Paganism entails the tendency of individuals to hold various beliefs that are different from the major world’s religions. Paganism was a highly dominated belief among the ancient Slovaks in Russia. Pagan gods, spirits, alongside deities were in charge of most souls of the ancient Slovaks. According to paganism, the Slavs were ruled and controlled by natural forces. The earlier said gods and spirits were linked with various elements, survival, and seasons. The Slavic history, religion, myths, rites, and festivals among others highly influenced the Russian culture. Through these components of paganism, it highly influenced the current Russian Culture (Halemba 45).
The Russian people are highly recognized all over the world though their festival celebration that marks their culture. The festivals that are practiced today were highly contributed to their existence by the paganism regime in the ancient times. For example, the charismas celebrations that are held yearly came up as a result of integrating the pagan festival of the winter solstice known as kolad with a sun holiday celebration. Moreover, other paganism holidays like Volos were grafted into today holidays like George day practiced on April twenty-third. According to Greek, George is defined as a farmer symbolizing the first day on which flocks were taken to the fields by herders who wielded pussy pillows. The practice of using pussy willows was a pagan belief symbolizing that the energy of the willows could be transferred to the flock of animals. Still the culture of using willows is exhibited in the current era whereby individuals collect pussy willows and take them home to symbolize the coming of spring (“Slavic Languages and Slavic Paganism”).
Paganism sites and rituals were integrated into the Russian Culture. Some of these paganism sites and rites can be traced in the Russian culture. For instance, most Russians visit the burial places of their loved ones mostly on May first, a date that coincides with the a pagan holiday (Rodnitsa) whereby the celebrants used to invite the deceased individuals to eat and drink on their graves (Halemba 28). Additionally, the pagan sites are currently being visited by a number of Russians. A good example is the two pagan stones that are located in Kolomenskoye Park in Moscow. One of these stones was a goddess of fertility while the other was a dedication to the male god associated with virility. The site receives a lot of visitors who leave colored ribbons on trees around the stones. The practice clearly shows that still the sites are well recognized and respected among the current Russian Culture (“Pagan Russia”).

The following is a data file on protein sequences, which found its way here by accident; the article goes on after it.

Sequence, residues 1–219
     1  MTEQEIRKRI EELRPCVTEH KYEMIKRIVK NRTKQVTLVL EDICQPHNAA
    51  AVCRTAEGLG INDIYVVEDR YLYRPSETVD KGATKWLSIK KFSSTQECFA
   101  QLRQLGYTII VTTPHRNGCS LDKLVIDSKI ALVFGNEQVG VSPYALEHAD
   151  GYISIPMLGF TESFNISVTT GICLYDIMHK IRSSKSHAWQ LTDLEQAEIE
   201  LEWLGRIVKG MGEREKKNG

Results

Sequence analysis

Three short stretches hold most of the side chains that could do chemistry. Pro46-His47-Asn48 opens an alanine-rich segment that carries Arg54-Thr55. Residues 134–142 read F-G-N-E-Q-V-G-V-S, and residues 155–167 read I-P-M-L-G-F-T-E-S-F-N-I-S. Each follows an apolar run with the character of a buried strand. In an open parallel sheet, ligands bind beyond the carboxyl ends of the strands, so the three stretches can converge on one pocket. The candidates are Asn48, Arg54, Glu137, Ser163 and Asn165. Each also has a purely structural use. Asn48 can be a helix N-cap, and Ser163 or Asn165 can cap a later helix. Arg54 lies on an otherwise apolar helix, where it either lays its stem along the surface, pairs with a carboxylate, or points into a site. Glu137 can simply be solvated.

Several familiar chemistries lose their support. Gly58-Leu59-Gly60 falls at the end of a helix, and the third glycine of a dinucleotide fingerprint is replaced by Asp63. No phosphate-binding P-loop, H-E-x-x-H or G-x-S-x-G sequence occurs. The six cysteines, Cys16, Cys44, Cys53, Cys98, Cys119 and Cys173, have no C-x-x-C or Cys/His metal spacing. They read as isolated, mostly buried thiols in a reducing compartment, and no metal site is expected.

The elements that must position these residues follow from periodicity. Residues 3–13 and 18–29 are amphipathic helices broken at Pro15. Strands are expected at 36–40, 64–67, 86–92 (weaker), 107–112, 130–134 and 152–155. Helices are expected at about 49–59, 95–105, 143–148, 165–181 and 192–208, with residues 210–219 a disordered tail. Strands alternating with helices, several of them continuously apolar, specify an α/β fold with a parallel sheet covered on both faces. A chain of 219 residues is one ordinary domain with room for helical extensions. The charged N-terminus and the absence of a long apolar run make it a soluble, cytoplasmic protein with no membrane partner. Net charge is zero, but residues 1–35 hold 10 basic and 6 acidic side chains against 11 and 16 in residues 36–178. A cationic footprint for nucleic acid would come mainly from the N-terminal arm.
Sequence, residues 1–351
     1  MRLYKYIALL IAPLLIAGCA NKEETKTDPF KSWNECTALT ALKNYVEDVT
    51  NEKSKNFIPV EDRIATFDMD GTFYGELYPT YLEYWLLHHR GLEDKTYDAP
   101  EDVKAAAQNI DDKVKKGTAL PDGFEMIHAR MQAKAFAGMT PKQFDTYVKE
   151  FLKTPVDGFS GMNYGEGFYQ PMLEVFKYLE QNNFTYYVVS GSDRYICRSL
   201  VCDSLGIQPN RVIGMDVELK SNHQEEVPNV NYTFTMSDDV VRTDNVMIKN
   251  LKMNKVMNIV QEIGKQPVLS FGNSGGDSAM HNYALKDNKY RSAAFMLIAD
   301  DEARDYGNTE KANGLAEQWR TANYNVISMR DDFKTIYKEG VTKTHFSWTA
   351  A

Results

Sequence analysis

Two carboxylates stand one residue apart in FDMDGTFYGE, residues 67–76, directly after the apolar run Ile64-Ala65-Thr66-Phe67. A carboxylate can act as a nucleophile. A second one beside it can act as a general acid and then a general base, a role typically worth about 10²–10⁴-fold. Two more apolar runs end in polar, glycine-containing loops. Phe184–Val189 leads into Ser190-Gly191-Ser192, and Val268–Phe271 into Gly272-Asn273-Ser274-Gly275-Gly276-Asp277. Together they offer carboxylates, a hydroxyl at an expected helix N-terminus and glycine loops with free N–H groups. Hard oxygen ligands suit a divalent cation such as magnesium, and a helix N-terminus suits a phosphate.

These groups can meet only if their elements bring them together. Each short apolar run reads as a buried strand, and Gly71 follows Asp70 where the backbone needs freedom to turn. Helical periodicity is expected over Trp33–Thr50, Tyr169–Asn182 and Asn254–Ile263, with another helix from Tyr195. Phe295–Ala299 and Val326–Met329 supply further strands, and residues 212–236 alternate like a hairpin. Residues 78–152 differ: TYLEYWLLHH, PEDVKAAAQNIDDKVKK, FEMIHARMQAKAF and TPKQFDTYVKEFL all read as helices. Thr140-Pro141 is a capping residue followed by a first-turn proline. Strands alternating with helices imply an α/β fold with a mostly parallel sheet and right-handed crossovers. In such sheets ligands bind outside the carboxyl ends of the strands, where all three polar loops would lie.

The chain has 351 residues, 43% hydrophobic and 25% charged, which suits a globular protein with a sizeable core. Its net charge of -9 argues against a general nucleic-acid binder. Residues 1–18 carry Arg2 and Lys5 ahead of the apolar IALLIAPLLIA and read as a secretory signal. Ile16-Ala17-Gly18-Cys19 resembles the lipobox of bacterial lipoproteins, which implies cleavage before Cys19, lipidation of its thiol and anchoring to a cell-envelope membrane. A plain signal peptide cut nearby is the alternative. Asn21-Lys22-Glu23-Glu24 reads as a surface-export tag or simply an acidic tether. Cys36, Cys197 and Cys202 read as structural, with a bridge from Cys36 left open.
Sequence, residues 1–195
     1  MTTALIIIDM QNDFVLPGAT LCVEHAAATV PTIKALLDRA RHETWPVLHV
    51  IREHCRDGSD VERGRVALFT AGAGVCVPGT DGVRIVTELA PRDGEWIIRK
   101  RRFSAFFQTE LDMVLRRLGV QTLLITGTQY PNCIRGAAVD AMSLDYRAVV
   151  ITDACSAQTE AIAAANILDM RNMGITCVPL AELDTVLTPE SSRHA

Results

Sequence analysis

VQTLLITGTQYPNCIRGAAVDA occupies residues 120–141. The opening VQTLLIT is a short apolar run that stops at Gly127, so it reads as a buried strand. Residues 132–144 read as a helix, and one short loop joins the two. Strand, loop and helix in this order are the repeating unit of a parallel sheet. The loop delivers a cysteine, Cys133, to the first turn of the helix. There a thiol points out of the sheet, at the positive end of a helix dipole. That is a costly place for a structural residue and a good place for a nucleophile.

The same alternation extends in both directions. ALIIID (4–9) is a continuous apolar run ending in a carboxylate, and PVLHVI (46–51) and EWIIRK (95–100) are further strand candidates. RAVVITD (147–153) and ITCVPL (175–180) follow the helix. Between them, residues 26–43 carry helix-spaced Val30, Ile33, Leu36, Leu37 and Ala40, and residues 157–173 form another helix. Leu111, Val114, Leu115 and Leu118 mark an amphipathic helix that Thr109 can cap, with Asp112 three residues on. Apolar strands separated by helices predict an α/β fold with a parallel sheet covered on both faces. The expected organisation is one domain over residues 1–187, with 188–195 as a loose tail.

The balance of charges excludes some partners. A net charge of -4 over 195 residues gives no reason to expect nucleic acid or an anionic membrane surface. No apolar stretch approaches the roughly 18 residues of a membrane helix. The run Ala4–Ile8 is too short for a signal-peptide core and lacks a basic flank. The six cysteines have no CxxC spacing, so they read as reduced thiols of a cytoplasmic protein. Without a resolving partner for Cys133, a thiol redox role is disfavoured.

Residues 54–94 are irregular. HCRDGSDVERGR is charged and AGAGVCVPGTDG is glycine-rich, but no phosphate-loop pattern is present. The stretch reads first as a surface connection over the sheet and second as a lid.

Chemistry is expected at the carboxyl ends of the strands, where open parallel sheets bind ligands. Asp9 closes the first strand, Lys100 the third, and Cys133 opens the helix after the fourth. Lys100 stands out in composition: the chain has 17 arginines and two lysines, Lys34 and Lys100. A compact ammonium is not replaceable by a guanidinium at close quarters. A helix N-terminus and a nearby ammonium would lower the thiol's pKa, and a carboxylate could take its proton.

Some of the current Russian myths in the form of folktales contain elements of the ancient pagan myths. During the formation of these myths, some elements of paganism were considered thereby resulting to such tales. For example the famous “Tale of the Dead Princess and the Seven Bogatyrs” which was narrated to an individual by name Alexander by his grandmother, to some extent is associated with the “Snow White and the Seven Dwarves”. The folktale is a continuation of the pagan myth. In other words, it’s like the current Russian myths and folktales are retelling the ancient pagan myths. Therefore, the ancient practice of paganism contributed to the establishment of the current Russian beliefs and myths (McKay 86).
Paganism highly influenced Christianity among the Russians. For example, the symbols that were used during the paganism regime are being exhibited in Christianity. Various symbols like stars and circles are currently found in churches and icons. Moreover, some Christian songs contain some aspects of paganism. In the early days when Christianity was being introduced in Russia, the people never shifted directly to new churches but instead used the shrines that were earlier used for paganism. The entire religious revolution and the dual faith in Russia portrays how paganism shaped the religious beliefs and ways of life of the people of Russia (“Pagan Russia”).
The practices and symbols of paganism for years have been preserved as a cultural heritage for the Russians. Despite the introduction of Orthodox Christian Church, the pagan house idols continued to be made in Russia. For example, Natalya Zhulaeva made the bereginya doll that with other idols are well kept in sacred parts of a house alongside various icons of Christian saints. The presence of these idols enriches the Russian culture with more flavor as visitors travel to this house to have a look at these items (“Slavic Languages and Slavic Paganism”).
Evidently, paganism highly influenced and shaped the Russian Culture. Various festivals that are currently held coincide with the paganism celebrations. Moreover, the rituals and sites that were practiced in the paganism era can still be traced in the Russian Culture meaning that it’s the one that shaped the culture. Paganism has positively contributed to the growth and establishment of the Russian Culture thereby enriching Russia with a very admirable history. Therefore, paganism is a very important practice in the history of Russia. It should be preserved through well storage of its symbols as it positively enhances the Russian Culture.
Halemba, Agnieszka. The Telengits of Southern Siberia: Landscape, Religion, and Knowledge in Motion. London: Routledge, 2006. Print.
McKay, George. Subcultures and New Religious Movements in Russia and East-Central Europe. Oxford: P. Lang, 2009. Print.
“Pagan Russia.” Passport Magazine: Russian Lifestyle, Russian Restaurants, Moscow Hotels, Russian Business. N.p., n.d. Web. 3 Oct. 2015.
“Slavic Languages and Slavic Paganism.” Proto-Indo-European Religion. N.p., n.d. Web. 3 Oct. 2015.